On 2 September 2016, an ATR72-600 (EI-FAW) being operated by Stobart Air for Aer Lingus on a scheduled international passenger flight from Edinburgh to Dublin and cleared to join the ILS localiser for runway 28 at Dublin in day VMC not below 2000 feet continued descending without clearance to just over 1000 feet above runway threshold elevation when approaching 5 nm from touchdown before beginning a go around prompted by ATC querying the flight’s altitude following the triggering of an MSAW alert. Radar vectoring to a further ILS approach to land was uneventful.
Three days later, once they had been made aware of the event as the result of an MOR submitted by the controller involved, the Irish AAIU commenced a Serious Incident Investigation. As the flight crew had delayed reporting to their locally based company and even when aware, the company had not then notified the AAIU, relevant data from both the CVR and FDR were overwritten. However recorded ATC data were available and the aircraft operator did subsequently provide some relevant QAR data captured by their OFDM system.
It was found that the 51 year-old Captain had a total of 11,000 flying hours of which 60 hours were on the ATR72-600, all achieved after he had recently joined the operator as a direct entry Captain with no previous experience of the ‘glass cockpit’ ATR72-600 but with 7,200 hours experience on other ATR42/72 variants. The First Officer had gained his Commercial Pilot Licence (CPL) the previous year and had total of 441 flying hours of which 203 hours were on type. It was noted that the Captain’s licence had been issued by the Spanish regulator and the First Officer’s by the Irish regulator.
It was noted that the flight was being made with a current ADD which recorded that the rudder Travel Limitation Unit (TLU) was inoperative in the AUTO position so that manual selection between the low and high speed positions was required. It was further noted that the TLU system and roof panel position/fault indication on the ATR72-500, with which the Captain was more familiar, was identical to that on the ATR72-600 with the exception that the EFIS of the latter also provided an Engine Warning Display caution in the event of a system fault. The flight crew procedure in the event of operations with this ADD, which was also the same for both the -500 and -600 versions of the ATR72, required the crew to manually alternate between the high and low speed positions during climb and descent as particular airspeed were passed.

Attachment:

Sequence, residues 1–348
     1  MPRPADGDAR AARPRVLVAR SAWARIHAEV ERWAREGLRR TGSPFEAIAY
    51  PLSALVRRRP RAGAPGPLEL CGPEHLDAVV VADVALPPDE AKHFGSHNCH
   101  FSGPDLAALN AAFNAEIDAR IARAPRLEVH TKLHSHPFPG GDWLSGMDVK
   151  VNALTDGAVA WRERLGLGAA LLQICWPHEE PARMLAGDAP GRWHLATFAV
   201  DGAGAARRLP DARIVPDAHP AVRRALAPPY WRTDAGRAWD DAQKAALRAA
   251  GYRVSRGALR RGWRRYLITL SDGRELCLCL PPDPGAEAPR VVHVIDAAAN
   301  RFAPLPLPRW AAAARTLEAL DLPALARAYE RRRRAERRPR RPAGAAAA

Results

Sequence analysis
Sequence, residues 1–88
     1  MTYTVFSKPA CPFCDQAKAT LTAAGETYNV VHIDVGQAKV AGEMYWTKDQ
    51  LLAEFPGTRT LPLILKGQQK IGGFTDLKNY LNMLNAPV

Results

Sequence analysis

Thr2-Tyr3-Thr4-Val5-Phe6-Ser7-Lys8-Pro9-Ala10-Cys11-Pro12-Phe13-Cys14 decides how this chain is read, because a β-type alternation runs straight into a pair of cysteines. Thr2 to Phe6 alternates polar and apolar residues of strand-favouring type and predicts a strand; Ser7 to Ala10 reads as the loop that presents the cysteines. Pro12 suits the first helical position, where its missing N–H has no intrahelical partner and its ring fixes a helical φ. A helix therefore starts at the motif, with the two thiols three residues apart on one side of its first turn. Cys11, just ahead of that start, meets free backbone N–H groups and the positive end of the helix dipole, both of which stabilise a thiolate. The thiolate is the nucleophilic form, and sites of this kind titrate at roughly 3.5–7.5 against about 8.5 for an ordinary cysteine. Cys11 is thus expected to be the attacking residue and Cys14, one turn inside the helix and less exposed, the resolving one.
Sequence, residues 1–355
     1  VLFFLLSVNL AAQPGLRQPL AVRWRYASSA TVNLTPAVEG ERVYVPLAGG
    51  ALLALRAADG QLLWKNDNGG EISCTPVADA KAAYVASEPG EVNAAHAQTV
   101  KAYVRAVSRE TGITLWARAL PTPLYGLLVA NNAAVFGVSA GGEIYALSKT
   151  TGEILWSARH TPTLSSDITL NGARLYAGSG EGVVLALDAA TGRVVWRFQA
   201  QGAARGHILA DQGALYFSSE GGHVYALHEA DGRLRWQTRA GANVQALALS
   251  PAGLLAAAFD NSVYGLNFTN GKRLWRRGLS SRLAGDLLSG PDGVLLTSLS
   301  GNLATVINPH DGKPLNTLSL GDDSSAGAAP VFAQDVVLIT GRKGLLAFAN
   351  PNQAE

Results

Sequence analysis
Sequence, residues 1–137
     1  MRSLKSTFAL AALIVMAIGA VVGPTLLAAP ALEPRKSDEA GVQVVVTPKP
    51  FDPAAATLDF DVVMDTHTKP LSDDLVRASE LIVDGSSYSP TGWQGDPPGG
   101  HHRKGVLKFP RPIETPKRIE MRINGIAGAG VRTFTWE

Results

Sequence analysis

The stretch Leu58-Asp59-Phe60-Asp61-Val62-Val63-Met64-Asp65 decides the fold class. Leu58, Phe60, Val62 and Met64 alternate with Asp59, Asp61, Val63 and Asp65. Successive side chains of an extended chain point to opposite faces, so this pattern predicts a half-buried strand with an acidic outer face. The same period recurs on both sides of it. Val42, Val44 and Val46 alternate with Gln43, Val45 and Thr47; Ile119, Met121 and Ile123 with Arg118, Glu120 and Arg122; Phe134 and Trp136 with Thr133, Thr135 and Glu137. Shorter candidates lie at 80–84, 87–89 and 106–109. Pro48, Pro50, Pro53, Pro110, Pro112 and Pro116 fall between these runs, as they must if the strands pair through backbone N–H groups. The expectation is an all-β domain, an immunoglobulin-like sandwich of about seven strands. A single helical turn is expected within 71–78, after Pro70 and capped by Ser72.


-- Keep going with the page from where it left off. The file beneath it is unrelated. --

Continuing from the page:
It was established that with the crew making the second flight of their four sector duty and the First Officer as PF the flight had been initially cleared by ATC to descend to 3,000 feet routing direct to waypoint ‘LAPMO’ (see the ILS approach chart below) and to contact Dublin Director for further instructions. On doing so, the flight was re-cleared to route direct to ‘MAXEV’ for an ILS approach to runway 28, descend to 2,000 feet and call established on the ILS LOC. En route to MAXEV, the flight was given a speed restriction of 190 KIAS so as to maintain separation from approach traffic 7.5 nm ahead in the approach and shortly afterwards instructed to reduce speed to 160 KIAS on reaching ‘MAXEV’.
The runway 28 ILS approach at Dublin. [Reproduced from the Official Report]
Passing approximately 3500 feet five minutes after being instructed to reduce speed to 190 KIAS, the airspeed was recorded as 202 KCAS and the Captain selected the rudder TLU to low speed. Because this was over 20 knots above the speed at which this should be done, a red bar automatically appeared on the PFD airspeed scales indicating that an overspeed condition existed. This situation - unanticipated by the Captain - was subsequently found to have confused the Captain who had then become preoccupied with this ‘problem’ to the exclusion of other critical tasks. It was noted that the Captain’s action would not have any immediate consequence and would not have led to the annunciation of any other associated caution.
Just over half a minute later, having reached 2000 feet approximately 2.5 nm before MAXEV, the aircraft continued descending at 2,000 fpm and 185 KIAS. Shortly afterwards, it passed MAXEV at 1670 feet, still descending, and at 181 KIAS and a right turn began to establish on the ILS LOC from the south and the rate of descent was reduced to 1,200 fpm.
Nineteen seconds after passing ‘MAXEV’ as the aircraft descended through 1,200 feet, an MSAW alert was triggered on the controller’s radar screen which prompted them to ask the flight to confirm it was established on the localiser which it had not reported despite being past ‘MAXEV’. Whilst the aircraft continued to descend, the Captain stated that a go around was intended although by the time the climb began, the aircraft had reached 1075 feet QNH - equivalent to 1038 feet arte - whereas the ILS GS altitude at that point was 900 feet higher. It was noted from the available flight data that throughout this attempt to establish on the ILS, the aircraft had been remained ‘clean’ i.e. no flap had been selected and the landing gear had remained up.